Posts tagged ‘brewery’

O’Fallon Pumpkin Beer – O’Fallon Brewery

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We had a brief lull in events there for a moment, but now that it’s a stones throw to October, we are back and kicking into full steam. Today’s competitor is a cult classic in some parts, and a major competitor for pumpkin party beer across the country. So with out further ado, lets dig into it!

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Name: O’Fallon Pumpkin Beer

Place of Origin / Brewer: O’Fallon, MO / O’Fallon Brewery

Beer style / ABV%: Pumpkin Ale / 5.60%

Specialty Prep / Individuality: O’Fallon Pumpkin Beer is brewed by adding 136 pounds of real pumpkin to a mash of pale malt, caramel 90, and white wheat, which is lightly hopped with Cluster hops. Once finished it is spiced with cinnamon, clove, and nutmeg.

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Packaging:

There’s a lot to be said for simplicity and O’Fallon, with its Baseball Team-styled brewery logo, delivers. Featuring a skewed Jack O’Lantern and a few fall leaves floating against a black backdrop, the label is clear and concise but sadly lacking any expansion on the style, spice content, or even the ABV. – Tim

I’m gonna be honest here, this label -while unfailingly communicating it’s contents- ain’t sexy. I’m sure it’s tradition, but it might be time for an update. – Mike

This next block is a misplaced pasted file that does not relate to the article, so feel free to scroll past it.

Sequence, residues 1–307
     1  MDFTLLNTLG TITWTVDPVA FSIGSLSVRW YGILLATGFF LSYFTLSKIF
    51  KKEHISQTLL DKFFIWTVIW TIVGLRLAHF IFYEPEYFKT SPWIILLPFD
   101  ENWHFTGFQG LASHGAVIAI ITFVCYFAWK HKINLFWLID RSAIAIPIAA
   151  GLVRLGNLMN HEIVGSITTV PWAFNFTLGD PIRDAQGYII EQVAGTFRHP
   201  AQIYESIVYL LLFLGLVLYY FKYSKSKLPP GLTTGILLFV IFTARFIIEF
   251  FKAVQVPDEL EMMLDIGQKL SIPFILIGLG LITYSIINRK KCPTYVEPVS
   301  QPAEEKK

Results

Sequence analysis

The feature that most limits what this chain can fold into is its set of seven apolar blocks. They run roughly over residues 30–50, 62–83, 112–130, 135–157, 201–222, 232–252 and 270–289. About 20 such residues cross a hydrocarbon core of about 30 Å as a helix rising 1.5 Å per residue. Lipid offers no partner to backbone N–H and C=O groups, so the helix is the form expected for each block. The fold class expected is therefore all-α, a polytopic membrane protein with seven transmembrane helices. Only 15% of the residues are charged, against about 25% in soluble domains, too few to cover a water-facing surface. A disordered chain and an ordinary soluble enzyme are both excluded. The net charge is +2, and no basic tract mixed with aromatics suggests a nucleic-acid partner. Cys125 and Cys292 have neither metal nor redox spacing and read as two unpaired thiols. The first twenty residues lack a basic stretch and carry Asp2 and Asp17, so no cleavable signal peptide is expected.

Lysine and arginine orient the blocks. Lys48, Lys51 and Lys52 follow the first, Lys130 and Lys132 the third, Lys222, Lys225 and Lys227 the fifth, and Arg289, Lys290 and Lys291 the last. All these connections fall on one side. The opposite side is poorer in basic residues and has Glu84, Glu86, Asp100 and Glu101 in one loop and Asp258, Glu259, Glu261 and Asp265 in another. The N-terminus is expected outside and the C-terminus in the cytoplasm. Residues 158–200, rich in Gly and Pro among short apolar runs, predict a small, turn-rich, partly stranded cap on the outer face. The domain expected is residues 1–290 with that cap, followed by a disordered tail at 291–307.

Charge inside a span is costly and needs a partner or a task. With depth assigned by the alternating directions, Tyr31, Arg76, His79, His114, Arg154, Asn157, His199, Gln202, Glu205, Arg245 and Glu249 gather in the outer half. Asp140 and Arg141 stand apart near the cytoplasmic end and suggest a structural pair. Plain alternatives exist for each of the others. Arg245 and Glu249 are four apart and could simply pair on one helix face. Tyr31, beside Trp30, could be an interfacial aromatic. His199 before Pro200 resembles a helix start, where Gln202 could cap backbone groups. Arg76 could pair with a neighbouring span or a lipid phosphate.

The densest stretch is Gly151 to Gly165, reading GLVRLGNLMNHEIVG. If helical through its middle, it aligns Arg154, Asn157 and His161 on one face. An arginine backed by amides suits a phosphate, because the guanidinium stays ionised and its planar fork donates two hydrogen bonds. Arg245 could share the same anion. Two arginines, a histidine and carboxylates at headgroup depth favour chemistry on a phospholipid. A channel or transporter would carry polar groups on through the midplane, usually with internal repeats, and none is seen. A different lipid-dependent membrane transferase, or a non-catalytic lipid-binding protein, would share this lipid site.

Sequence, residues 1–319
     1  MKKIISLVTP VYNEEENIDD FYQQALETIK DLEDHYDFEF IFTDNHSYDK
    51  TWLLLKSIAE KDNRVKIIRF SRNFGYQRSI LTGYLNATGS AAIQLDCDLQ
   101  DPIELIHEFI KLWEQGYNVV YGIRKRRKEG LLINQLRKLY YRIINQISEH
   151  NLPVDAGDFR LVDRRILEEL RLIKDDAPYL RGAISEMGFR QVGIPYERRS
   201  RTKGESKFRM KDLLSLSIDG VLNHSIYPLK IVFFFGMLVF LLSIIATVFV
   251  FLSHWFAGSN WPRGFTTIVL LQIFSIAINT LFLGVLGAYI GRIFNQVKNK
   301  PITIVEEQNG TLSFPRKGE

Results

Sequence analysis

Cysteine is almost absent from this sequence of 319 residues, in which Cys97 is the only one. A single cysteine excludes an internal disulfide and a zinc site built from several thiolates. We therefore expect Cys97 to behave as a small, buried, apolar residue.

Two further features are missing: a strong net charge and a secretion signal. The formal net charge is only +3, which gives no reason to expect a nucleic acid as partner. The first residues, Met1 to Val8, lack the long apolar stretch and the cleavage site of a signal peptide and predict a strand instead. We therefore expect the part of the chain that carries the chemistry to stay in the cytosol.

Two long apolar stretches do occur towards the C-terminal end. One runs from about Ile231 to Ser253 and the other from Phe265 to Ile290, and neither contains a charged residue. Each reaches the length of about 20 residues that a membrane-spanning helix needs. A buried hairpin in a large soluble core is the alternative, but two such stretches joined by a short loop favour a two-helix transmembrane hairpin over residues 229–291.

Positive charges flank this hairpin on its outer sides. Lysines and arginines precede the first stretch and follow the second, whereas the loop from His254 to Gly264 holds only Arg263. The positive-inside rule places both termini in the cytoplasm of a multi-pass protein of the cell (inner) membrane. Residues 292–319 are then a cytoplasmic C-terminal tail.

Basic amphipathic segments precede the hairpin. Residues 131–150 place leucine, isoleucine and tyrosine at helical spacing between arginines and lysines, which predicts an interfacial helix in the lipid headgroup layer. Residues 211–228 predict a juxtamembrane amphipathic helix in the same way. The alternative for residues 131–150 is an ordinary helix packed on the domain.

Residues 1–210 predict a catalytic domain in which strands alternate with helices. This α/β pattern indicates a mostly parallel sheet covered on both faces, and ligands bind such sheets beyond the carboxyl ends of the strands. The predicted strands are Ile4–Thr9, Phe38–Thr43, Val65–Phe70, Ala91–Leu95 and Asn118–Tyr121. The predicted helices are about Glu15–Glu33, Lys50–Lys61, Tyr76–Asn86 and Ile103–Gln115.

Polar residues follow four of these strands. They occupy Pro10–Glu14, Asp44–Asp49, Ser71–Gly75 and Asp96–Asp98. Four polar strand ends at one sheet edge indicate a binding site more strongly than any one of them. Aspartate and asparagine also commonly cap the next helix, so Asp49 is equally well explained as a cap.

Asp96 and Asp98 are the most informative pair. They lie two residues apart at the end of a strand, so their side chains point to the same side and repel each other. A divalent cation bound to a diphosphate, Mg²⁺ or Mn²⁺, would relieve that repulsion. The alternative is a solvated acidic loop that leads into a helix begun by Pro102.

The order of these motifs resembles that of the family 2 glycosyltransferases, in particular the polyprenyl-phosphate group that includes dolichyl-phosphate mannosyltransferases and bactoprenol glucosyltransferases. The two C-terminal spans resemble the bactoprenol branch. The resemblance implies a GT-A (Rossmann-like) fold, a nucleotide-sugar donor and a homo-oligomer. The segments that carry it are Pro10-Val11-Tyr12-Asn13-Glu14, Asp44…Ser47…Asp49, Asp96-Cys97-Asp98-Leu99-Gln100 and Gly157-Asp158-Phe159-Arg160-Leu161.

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Color: 5.5

Lots of action right away from the carbonation, leaving a nice billowing head. It’s a super clean transparent ale that gives light to a reddish pale and golden malt glow. – Rick

This looks quite a bit more appealing than the label. Gorgeous clarity, nice carbonation levels, and a pillow top ivory head that sticks around for a good bit. An autumn amber the color of turning leaves. Now if only it wasn’t 97 degrees outside… – Mike

M- 7 / T- 6 / B- 5 / R- 4

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Aroma: 6.5

Musty, earthy pumpkin at first whiff, followed by the sweetness of sugar and touch of cinnamon spice. There’s a slight roasted caramel malt quality as well. – Brittney

A bit of brown sugar and some cinnamon really blend well to concoct a nice sense of homemade apple pie crust. A touch of raisin is fairly detectable as well as some toffee. – Rick

M- 7 / T- 6.5 / B- 7 / R- 6

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Mouth feel: 5

Light and slightly slick but not as snappy as I would have guessed from the amount of carbonation when poured. Definitely settles into almost a flatness. – Brittney

Tongue burn from the high carbonation gives way to crisp ale with a bright but slightly thin body. – Tim

M- 6.5 / T- 4.5 / B- 5 / R- 5